Sherman v. United States
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282 U.S. 25 (1930)
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U.S. Supreme Court
Sherman v. United States, 282 U.S. 25 (1930)
Sherman v. United States
Argued October 30, 1930
Decided November 24, 1930
282 U.S. 25
CERTIFICATE FROM THE CIRCUIT COURT OF APPEALS
FOR THE NINTH CIRCUIT
1. The penalties of the Safety Appliance Acts are imposed upon the carrier only, and cannot be enforced by action against the carrier's officers and agents. P. 282 U. S. 29.
2. The state Belt Railroad, a waterfront line in the City of San Francisco connecting many industrial plants and the line of the Southern Pacific Railroad with wharves belonging to the State of California and, through the wharves, with other common carriers engaged in interstate commerce by railroad, belongs to the state and is operated by it through the Board of State Harbor Commissioners, without profit, for the purpose of facilitating the commerce of the port. Charges for haulage are collected by the state, and go to expense of operation and to the credit of the San Francisco Harbor Improvement Fund. In a prosecution of the individual members of the Board for alleged breaches of the Federal Safety Appliance Act, as amended, in the operation of the line, held that the action could not be maintained, since, assuming that the work done by the line was interstate commerce, the statute, if it applied to anyone, could apply only to the state, and not the defendants, who were merely its agents. It was therefore unnecessary to decide whether the statute should be construed to embrace the state. P. 282 U. S. 30.
District court reversed.
Upon a certificate of questions arising in the circuit court of appeals upon consideration of a judgment of the district court inflicting penalties under the Safety Appliance Act. The whole record was brought up here by certiorari.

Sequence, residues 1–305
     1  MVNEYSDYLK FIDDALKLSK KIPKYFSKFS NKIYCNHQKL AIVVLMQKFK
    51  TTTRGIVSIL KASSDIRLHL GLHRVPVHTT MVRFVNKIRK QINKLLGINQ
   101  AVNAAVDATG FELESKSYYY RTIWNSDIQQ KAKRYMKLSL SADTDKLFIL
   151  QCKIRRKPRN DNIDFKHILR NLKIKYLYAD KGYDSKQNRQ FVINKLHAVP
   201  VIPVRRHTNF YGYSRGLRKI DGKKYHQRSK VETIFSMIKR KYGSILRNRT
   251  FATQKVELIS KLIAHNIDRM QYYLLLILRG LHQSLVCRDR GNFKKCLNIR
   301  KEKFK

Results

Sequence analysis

MR. JUSTICE HOLMES delivered the opinion of the Court.
This case comes here on a certificate of questions of law from the judges of the Circuit Court of Appeals for the Ninth Circuit. Subsequently the entire record was brought up, but the facts sufficiently appear in the certificate, and both they and the questions may be abbreviated here. The suit is brought by the United States against the appellants by name, described as "constituting the Board of State Harbor Commissioners of the State of California, operating The State Belt Railroad," to recover penalties for alleged breaches of the Safety Appliance Acts. Acts March 2, 1893, c.196, 27 Stat. 531, April 1, 1896, c. 87, 29 Stat. 85, March 2, 1903, c. 976, 32 Stat. 943, and April 14, 1910, c.
160, 36 Stat. 298 (U.S.Code, Tit. 45, §§ 1, 2, 6, 8, 11, 12, 13, 16). The penalties are imposed upon "any common carrier engaged in interstate commerce by railroad," and the broad question is whether the defendants are liable under the Acts.